The Great War ground on. None of the internecine squabbles between the “scum” living in comfort abroad and the profiteers being Germanized at home made any difference to the Allied propaganda machine that continued to put up recruiting posters exhorting the hesitant to Remember Belgium!, turning the nation into a myth (as Albert knew very well: “They need are suffering”), representing it as violated, or raped, yet valiant and undefeated.
One of the most famous cartoons of the war appeared in Punch in 1916; the picture by artist-illustrator Bernard Partridge shows Albert and the Kaiser on a field of battle against a heap of smoldering rubble, a sky of garish red clouds and, disappearing into the distance off left, a long line of trudging refugees. The Kaiser in Prussian blue uniform and spiked helmet is leaning on the pommel of his sheathed sword saying to Albert: “So you see – you’ve lost everything.” Albert, bareheaded, naked sword in hand, turning his back but glaring over his shoulder, replies: “Not my soul.”
After the war, the weight of Belgium’s moral stamina, the very righteousness of her cause, came to prove a heavy burden, an awkward instrument to wield amid the subtler forms of conflict around the table at the Peace Conference at Versailles. As long as she suffered and her sad fate could serve as a rallying cry for others, then she was admired and pitied. But when she spoke up for her rights and began to stake claims, to talk of reparations and make demands, she became an embarrassment, was at first ignored, then shunned. Small countries, she was given to understand, should be seen and not heard. John Maynard Keynes in his The Economic Consequences of the Peace said that Belgium’s claims against Germany were “simply irresponsible.”
Germany, or rather the negotiators around the table, recognized that debts were owed, and yet, “Belgium is a small country” and it is “a popular delusion to think of Belgium as the principal victim of the war.” The delusion can be easily explained. “The special position occupied in the popular mind is due, of course, to the fact that in 1914 her sacrifice was by far the greatest of any of the Allies.” But after 1914, “she played a minor role.” And so the gradual post-war reevaluation of brave little Belgium began. The posters came down, the engines of propaganda were dismantled, the old sentiments died. Then there was a second war and another king, and other sentiments.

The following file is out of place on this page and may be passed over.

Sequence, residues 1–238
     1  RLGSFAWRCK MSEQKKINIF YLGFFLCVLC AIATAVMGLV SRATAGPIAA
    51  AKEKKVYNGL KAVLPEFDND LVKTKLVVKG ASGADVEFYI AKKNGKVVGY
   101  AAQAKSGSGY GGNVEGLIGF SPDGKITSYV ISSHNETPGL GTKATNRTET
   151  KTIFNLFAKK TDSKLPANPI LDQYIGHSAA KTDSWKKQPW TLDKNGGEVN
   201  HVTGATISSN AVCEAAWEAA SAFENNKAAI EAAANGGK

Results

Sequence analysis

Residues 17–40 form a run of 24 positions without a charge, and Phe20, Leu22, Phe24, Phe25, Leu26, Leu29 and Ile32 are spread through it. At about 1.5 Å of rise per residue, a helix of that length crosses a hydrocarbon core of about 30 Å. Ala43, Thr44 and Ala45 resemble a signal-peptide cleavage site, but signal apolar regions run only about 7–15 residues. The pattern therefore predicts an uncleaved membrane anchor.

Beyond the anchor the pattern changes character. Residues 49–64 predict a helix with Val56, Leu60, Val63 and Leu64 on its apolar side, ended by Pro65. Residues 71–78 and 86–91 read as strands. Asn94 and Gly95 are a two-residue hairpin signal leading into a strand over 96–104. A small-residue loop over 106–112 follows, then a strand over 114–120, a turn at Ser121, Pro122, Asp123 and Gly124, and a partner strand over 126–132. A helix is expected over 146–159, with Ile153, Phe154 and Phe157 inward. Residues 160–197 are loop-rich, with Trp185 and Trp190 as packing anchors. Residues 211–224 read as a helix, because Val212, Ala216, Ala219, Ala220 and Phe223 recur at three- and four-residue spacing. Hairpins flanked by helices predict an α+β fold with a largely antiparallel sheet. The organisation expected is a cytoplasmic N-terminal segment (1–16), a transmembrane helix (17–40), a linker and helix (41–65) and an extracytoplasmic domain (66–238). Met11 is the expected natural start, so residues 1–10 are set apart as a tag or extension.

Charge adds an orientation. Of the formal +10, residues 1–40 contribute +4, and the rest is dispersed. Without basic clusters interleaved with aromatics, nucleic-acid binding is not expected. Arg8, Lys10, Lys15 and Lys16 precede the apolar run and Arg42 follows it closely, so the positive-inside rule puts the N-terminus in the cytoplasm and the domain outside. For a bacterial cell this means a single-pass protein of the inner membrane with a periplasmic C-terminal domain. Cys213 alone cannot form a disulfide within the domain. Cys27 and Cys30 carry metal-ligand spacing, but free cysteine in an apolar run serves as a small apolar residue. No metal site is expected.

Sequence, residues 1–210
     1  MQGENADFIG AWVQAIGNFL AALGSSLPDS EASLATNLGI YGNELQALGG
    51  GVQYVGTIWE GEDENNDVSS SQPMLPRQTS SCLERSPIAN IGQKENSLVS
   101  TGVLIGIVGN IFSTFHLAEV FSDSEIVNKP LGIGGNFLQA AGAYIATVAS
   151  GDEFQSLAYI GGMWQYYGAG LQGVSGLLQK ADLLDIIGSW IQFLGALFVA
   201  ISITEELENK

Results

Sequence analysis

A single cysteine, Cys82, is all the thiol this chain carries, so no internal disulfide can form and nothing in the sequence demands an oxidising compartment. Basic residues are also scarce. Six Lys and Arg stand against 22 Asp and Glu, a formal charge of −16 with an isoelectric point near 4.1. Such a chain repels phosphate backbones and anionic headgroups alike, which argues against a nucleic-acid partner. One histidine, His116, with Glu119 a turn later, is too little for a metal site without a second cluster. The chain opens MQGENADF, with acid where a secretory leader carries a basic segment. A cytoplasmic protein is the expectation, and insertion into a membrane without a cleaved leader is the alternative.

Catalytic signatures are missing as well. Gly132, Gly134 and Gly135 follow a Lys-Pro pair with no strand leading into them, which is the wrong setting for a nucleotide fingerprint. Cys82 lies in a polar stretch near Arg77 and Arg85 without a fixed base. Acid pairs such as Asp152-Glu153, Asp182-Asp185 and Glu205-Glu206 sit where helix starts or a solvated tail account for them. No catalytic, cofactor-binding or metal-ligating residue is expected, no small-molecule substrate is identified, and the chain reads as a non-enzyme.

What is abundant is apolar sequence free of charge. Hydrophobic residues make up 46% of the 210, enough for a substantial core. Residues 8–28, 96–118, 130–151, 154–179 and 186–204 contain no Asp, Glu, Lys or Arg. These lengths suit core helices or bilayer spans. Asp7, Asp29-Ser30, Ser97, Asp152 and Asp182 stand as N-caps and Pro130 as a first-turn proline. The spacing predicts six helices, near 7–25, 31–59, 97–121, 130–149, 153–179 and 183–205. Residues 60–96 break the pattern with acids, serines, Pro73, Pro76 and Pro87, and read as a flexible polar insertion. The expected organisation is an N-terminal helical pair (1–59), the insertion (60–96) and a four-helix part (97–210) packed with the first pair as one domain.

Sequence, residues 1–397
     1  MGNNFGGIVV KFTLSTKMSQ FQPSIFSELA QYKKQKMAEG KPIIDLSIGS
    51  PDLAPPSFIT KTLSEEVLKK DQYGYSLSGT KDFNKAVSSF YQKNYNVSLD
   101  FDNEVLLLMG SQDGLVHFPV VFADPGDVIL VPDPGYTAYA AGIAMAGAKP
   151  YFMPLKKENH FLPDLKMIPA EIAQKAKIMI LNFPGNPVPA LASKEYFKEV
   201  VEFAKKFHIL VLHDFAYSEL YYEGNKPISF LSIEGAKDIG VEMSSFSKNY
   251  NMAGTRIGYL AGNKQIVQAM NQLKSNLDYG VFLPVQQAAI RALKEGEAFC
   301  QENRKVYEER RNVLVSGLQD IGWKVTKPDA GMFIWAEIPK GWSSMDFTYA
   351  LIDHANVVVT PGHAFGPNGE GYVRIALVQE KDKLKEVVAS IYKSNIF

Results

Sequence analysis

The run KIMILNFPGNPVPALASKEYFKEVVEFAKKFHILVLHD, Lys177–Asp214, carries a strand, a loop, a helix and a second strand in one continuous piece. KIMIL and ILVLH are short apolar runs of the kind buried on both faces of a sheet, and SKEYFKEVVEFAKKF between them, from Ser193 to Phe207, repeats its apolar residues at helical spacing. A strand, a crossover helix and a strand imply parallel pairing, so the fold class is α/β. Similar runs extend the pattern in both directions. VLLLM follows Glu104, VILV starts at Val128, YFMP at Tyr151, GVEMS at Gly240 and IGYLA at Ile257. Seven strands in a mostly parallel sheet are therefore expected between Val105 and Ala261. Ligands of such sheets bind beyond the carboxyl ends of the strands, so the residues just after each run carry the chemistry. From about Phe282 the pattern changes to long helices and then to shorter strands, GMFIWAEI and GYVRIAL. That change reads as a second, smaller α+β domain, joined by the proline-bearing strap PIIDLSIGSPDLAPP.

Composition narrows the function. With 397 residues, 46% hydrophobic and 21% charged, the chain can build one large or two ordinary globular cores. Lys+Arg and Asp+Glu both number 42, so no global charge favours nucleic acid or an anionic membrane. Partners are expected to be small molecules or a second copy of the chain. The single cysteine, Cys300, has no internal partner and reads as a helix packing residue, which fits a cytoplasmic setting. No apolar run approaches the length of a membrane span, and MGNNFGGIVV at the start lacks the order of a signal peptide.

The time came, Agatha Christie admitted, when she grew tired of her little Belgian, frankly bored with him; by 1975 she could stand him no longer and killed him off. On August 6, The New York Times accorded him a front-page obituary (Hercule Poirot is Dead; Famed Belgian Detective). “Mr. Poirot achieved fame as a private investigator after he retired as a member of the Belgian police force in 1904,” wrote Thomas Lask. “At the end of his life he was arthritic and had a bad heart. He was in a wheelchair often, and was carried from his bedroom to the public lounge at Styles Court, a nursing home in Essex, wearing a wig and false moustaches to mask the signs of age that offended his vanity. In his active days, he was always impeccably dressed.
“Mr. Poirot, who was just 5 feet 4 inches tall, went to England from Belgium during World War One as a refugee.” Christie, still writing, was 84 when Poirot died. “His age was unknown,” reported Lask.
Famous Belgians don’t often make it to the front pages of the world’s press. It is sadly fitting that this internationally acclaimed son of Brussels should be, much like his country, an English invention. The treaty the Kaiser spoke of with such historic contempt in 1914, “the scrap of paper,” was the 1839 Treaty of London that enforced Belgium’s neutrality and established the limits of its sovereignty.
Many Belgians saw it at the time as a humiliation, yet it was a formal guarantee of their safety in perpetuity signed by the Great Powers – Britain, France, Austria, Russia and Prussia. Beginning with Leopold I, Belgian monarchs learned to exploit the status of neutrality for the benefit of their diminutive kingdom – this perennial battleground of Europe –, for its industrial progress and colonial expansion in Africa. Belgium remained peaceful and unscathed during the continent-wide revolutions of 1848. She trembled but was untouched by the Franco-Prussian war of 1870. The refugees then were escaping in the other direction, seeking and finding asylum in neutral Belgium, this conveniently located country.
For three quarters of a century that scrap of paper helped to keep the nation safe and prosperous, until the day the Kaiser tore it up and told Belgium to step aside. Then the Belgian people and their King fought back, and in the words of one of Albert’s biographers, astonished the world, and themselves.
The second part of this article can be found here